US crude exports drive physical derivatives demand
Geneva, 11 October (Argus) — Surging US crude exports are boosting interest in physically delivered contracts as global participants seek greater price discovery in key US Gulf coast markets, a CME official said.
Open interest in Argus WTI Midland contracts is approaching 300mn bl, while open interest in WTI Houston — which represents the physical value of light sweet Permian field-grade quality crude at the water — is close to 90mn bl. This represents an 80pc and an almost six-fold increase in open interest in the two grades, respectively, since the beginning of 2017.
Combined with open interest in the other two most liquid crude streams in the US Gulf coast — Mars and LLS — total open interest for exchange-listed Argus instruments currently exceeds 500mn bl, exchange data shows. This is up 71pc since January.
"In the US, we are seeing a big upturn in trade on Argus-linked grade derivatives: Argus Midland, Argus Houston, Argus LLS. We are starting to see those grades trade really actively," CME managing director of Energy Research and Product Development Owain Johnson told the Argus European and Global Crude Summit in Geneva. Argus competes with Platts and other price-reporting agencies to provide price assessments and other information on commodity markets.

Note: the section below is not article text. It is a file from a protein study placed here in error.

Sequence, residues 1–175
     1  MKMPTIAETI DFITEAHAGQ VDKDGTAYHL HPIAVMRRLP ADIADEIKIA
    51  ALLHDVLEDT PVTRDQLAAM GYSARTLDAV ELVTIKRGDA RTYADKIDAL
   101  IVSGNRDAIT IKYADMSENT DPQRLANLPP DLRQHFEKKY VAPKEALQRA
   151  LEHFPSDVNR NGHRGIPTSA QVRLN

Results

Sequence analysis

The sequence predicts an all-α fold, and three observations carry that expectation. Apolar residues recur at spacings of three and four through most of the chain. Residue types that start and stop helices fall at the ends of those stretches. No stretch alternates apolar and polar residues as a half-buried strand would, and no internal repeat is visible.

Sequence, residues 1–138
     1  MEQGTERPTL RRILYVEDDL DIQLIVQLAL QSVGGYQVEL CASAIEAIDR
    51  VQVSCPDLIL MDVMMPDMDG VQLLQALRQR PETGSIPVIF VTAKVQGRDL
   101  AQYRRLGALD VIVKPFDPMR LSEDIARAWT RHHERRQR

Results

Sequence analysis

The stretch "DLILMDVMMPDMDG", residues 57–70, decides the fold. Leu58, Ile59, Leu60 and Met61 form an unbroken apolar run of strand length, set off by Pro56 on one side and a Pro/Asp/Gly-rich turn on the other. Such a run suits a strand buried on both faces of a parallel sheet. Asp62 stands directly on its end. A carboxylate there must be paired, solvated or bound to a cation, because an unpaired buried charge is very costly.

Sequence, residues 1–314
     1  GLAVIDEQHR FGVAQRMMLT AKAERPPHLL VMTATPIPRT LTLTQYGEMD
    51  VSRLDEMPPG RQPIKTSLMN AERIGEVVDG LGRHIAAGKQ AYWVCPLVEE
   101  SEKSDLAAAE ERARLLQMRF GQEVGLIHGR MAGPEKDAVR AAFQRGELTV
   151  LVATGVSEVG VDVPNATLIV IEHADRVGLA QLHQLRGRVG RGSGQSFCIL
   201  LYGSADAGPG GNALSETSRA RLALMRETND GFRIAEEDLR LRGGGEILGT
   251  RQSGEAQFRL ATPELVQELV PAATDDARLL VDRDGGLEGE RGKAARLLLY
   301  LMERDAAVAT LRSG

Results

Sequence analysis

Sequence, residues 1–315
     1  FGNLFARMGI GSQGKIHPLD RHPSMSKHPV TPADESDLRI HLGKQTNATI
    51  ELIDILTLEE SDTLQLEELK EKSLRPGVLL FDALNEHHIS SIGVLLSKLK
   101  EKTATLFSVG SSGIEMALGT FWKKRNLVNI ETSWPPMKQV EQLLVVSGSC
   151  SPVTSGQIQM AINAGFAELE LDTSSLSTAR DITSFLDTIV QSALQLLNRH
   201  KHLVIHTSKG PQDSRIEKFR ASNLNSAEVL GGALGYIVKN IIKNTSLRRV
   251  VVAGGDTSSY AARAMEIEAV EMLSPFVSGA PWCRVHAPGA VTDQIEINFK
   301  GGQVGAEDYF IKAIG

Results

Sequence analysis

With its increased pipeline connectivity to domestic crude production regions, Houston is rising in importance as a major US crude spot market hub, supported by its access to refining and export facilities.
The Argus WTI Houston price assessment reflects WTI transactions at Magellan's East Houston crude terminal, which receives WTI from west Texas via the 400,000 b/d BridgeTex and 225,000 b/d Longhorn crude pipelines.
More WTI will have access to the Houston area soon following the start of Enterprise's 450,000 b/d Midland-to-Sealy pipeline. Partial service is planned to start in the fourth quarter, with volumes rising to full capacity next year. Enterprise's Sealy storage facility west of Houston is connected by pipeline to its Echo terminal on the Houston ship channel.
Monthly figures for July and August put US crude exports at well under 1mn b/d. But a US EIA estimate of weekly volumes put average domestic crude exports at 2mn b/d in the week ending 29 September, a record that throws a spotlight on the sharp rise of US shale oil over the past few years.
The trend is helping to drive increased activity of the WTI futures contract as well as drawing new financial participants to the market, at a time of continued concern over the future of the North Sea Dated benchmark. And so far this year there has been 15mn bl of physical delivery trade of WTI through the exchange.
The US is exporting a growing share to the Asia-Pacific region and Johnson highlighted the growing role in liquidity played by the Asian market in WTI trading activity. He said some 18pc of all trading activity on WTI in the third quarter was done in Asian hours, reaching even above this number on a monthly basis during this year.